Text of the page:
US recyclable exporters find new markets after China ban

US recyclable exporters find new markets after China ban

A harbor in Knhanh Hoa province, Vietnam.

The volume of US recyclable exports to alternative destinations picked up sharply in the months from August through December, after China's import ban. One market that registered a large increase: Vietnam (above). Photo credit: Shutterstock.

Exporters of recyclable material in the United States quickly began to find new Asian markets after China announced an import ban in July 2017, but the large volume shipped to China will be difficult to replace.

Data from PIERS, a sister product of, show that exports of recyclables to China in 2016 totaled just short of 1 million TEU, which by the end of 2017 had fallen by 21.6 percent, a decline of 215,583 TEU.

The volume of US recyclable exports to alternative destinations picked up sharply in the months from August through December, but even with the huge growth in container numbers, none of the Asian markets have the demand to match that of China.

India is the No. 2 destination where 2017 volume rose 4.9 percent to 85,013 TEU, and to Vietnam, the No. 3 market where traffic surged 239 percent to 33,300 TEU from 9,813 TEU in 2016. Malaysia is another destination with very high growth, up 281.3 percent to 12,397 TEU from 3,251 TEU in 2016. Taiwan also grew its volume 36.7 percent to 18,377 TEU.

Almost 80 percent of the waste product volume that enters China, which Drewry Maritime advisers estimated at 4 to 5 million TEU in 2016, is shipped from the United States, Japan, and the United Kingdom. The curbs on a wide range of waste imports were implemented on Jan. 1, with enforcement beginning March 1. But the announcement of the pending bans last year set up a chain reaction of shippers pulling back on their exports and Chinese recyclers slashing imports.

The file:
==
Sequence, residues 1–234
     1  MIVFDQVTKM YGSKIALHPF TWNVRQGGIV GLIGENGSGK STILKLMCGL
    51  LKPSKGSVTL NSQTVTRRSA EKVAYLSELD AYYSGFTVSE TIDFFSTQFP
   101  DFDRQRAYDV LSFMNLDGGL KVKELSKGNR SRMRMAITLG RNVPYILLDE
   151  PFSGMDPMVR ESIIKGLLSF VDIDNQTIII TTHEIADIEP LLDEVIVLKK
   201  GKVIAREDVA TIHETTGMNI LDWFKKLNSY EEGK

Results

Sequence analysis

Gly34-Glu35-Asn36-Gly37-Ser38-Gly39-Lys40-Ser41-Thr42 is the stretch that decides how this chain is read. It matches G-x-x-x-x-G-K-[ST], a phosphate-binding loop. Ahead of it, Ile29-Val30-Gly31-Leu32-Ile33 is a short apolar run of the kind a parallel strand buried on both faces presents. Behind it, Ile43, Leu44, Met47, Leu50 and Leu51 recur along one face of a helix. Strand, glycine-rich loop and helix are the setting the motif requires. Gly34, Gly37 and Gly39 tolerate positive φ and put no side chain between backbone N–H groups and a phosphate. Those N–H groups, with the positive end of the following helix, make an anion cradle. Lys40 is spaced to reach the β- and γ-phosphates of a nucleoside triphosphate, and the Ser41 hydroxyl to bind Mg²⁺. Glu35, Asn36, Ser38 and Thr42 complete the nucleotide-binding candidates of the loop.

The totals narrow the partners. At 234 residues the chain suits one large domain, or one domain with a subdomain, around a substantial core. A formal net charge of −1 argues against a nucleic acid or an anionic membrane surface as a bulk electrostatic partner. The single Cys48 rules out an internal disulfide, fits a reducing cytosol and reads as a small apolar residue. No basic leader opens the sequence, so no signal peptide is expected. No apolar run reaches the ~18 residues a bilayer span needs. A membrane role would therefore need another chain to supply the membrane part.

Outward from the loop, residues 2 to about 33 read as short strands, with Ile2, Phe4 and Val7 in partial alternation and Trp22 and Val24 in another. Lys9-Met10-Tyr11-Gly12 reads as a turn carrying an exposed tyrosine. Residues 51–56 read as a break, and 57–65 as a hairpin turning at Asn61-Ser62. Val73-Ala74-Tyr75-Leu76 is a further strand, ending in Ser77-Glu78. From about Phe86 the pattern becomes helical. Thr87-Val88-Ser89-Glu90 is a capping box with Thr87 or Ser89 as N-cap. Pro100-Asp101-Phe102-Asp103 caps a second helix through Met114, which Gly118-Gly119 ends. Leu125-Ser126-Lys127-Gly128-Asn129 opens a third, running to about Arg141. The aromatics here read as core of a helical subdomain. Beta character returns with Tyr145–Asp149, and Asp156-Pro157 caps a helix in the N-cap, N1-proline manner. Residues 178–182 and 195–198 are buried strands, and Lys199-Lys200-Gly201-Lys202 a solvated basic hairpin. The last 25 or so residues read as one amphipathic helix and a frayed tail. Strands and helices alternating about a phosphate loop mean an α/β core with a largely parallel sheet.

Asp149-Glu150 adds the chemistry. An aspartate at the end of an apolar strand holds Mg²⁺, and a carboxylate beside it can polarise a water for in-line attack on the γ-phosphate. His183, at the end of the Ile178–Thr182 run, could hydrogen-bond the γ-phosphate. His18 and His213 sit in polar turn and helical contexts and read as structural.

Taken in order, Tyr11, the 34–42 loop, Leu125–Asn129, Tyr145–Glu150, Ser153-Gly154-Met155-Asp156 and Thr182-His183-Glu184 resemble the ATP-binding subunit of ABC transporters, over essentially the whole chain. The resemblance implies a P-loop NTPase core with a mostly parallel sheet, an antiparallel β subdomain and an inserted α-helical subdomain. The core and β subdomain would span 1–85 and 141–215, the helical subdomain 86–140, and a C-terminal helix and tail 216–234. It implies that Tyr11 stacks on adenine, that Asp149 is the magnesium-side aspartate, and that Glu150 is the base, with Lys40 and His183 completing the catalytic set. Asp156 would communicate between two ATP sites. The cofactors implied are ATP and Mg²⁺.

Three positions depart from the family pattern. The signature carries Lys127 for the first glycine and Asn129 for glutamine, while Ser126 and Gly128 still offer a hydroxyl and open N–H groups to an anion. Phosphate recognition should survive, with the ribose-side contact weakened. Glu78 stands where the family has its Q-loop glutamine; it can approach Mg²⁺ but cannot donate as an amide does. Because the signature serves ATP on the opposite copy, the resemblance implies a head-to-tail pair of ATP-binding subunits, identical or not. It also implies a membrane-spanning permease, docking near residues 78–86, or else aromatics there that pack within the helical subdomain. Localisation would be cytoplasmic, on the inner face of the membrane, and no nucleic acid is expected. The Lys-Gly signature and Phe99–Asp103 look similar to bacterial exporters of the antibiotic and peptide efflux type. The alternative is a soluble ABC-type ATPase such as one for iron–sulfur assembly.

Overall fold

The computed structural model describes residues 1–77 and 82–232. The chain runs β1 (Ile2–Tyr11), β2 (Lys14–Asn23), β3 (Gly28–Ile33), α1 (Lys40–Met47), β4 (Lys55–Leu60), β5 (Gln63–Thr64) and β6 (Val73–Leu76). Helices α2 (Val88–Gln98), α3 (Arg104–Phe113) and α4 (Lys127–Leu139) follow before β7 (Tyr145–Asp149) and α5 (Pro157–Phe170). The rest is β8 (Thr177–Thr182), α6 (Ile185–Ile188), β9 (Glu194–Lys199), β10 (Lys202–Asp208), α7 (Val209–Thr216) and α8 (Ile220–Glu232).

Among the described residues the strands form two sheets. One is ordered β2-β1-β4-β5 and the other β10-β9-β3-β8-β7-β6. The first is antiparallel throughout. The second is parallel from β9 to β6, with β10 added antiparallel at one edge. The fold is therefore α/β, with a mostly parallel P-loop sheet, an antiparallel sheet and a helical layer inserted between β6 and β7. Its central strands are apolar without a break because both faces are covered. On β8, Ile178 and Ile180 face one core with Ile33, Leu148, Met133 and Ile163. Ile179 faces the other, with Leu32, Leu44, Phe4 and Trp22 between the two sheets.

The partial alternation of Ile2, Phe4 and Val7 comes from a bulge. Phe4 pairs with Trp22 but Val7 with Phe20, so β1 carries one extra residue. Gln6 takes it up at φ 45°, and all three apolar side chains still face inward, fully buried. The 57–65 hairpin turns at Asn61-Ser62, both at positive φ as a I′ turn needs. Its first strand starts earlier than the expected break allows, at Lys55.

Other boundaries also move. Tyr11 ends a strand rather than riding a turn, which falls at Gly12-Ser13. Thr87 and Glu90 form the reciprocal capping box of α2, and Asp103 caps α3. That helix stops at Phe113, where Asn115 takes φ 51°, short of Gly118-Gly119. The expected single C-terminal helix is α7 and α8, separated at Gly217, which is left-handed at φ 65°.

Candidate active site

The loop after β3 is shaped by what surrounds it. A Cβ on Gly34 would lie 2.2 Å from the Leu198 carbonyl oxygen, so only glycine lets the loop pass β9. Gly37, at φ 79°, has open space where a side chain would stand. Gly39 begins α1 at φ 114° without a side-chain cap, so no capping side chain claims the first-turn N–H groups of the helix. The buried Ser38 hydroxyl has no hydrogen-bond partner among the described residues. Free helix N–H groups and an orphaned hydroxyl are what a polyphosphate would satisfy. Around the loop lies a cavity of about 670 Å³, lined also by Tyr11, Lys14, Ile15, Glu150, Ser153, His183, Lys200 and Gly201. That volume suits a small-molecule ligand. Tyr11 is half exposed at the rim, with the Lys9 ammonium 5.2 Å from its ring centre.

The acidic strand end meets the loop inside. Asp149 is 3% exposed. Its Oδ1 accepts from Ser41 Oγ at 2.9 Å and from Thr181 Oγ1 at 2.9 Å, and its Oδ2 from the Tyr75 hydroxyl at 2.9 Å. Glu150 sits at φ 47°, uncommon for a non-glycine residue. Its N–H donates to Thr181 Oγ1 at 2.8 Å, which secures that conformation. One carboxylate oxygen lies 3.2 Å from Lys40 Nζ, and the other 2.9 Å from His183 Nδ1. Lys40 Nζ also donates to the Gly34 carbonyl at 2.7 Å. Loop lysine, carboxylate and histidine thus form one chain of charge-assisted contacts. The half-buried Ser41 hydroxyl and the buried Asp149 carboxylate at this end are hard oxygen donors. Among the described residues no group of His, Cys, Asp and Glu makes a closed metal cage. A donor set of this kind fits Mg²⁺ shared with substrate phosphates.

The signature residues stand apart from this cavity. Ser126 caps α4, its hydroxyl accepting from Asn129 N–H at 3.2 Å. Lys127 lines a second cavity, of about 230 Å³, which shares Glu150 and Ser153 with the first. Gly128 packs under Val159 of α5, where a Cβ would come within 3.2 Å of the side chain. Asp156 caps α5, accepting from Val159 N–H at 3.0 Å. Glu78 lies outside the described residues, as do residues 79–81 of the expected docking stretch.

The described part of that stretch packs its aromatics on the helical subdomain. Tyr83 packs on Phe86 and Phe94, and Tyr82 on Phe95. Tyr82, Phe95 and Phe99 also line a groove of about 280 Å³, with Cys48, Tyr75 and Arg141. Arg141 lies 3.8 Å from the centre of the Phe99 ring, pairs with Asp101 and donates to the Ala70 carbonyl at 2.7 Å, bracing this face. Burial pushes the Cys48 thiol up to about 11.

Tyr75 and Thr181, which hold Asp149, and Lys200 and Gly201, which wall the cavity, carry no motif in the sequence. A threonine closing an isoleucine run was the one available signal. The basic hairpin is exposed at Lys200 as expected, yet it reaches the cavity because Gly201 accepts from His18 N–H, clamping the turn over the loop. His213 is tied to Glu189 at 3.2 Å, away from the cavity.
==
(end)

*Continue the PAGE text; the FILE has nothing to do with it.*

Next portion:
On the carrier front, not all container lines saw a decline in their volume of recyclable exports being shipped out of the United States. Cosco actually increased its volume 7.9 percent to 128,775 TEU even when China Shipping Container Lines is included in the 2016 figures for comparison. CMA CGM-APL grew 7.2 percent to 184,023, while OOCL increased volume 5.9 percent to 44,038. HMM was buoyed by Hanjin and increased its US recyclable material exports 63.7 percent to 45,791 TEU.

All the other top carriers posted losses, led by 48.7 percent at Hapag-Lloyd, which transported 36,703 TEU of recyclable waste in 2017, followed by the 35.1 percent drop at Maersk-Hamburg Süd to 132,655 TEU, and “K” Line, which was down 31.1 percent to 32,964 TEU. Despite a surge in exports to Taiwan, the island’s Yang Ming was down 27.2 percent to 27,722 TEU, and its compatriot Evergreen was flat at 0.1 percent to 126,351 TEU.

Some good news for US recyclables exporters

In the wastepaper sector, total US exports fell 13.4 percent to 1.1 million TEU as a result of China drastically cutting back on the granting of import licences for cardboard in 2018. It is a problem as carriers use recycling waste bales to build up load factors on lower demand backhaul routes.

However, the good news for US exporters is that cardboard packaging for international products requires the long fiber material that is mainly provided by US suppliers, and China is prioritizing that tonnage.

Gary Waters, global logistics director of Cyclelink International Holdings, one of the UK’s top three recyclable material exporters, said this meant the United States would win a greater percentage of the fewer import licences being issued.

“China’s mills prefer US material because of the longer fibers. The number of import licences has been reduced, but the percentage make-up of the quotas in place means there has to be more from the United States and less from Europe, with the mills able to replace some of the European material with domestically sourced material,” he said.

This preference for US cardboard was hurting suppliers in the United Kingdom, one of the main exporters of recyclable material to China. Data from Global Trade Atlas, a sister product of, clearly shows the UK’s struggle to find alternative markets with its exports to the world of the waste commodities banned by China declining 20.8 percent in 2017 to 3.8 million tons.

“There is a complete ban on post consumer plastics, around 400,000 tons a year of which is exported from the United Kingdom to China, and a complete ban on mixed paper, which exports 1.1 million tons a year to China,” said UK Recycling Association CEO Simon Ellin. “This has cut the numbers of containers our members export by 40 to 50 percent.”

Contact Greg Knowler at and follow him on Twitter: @greg_knowler.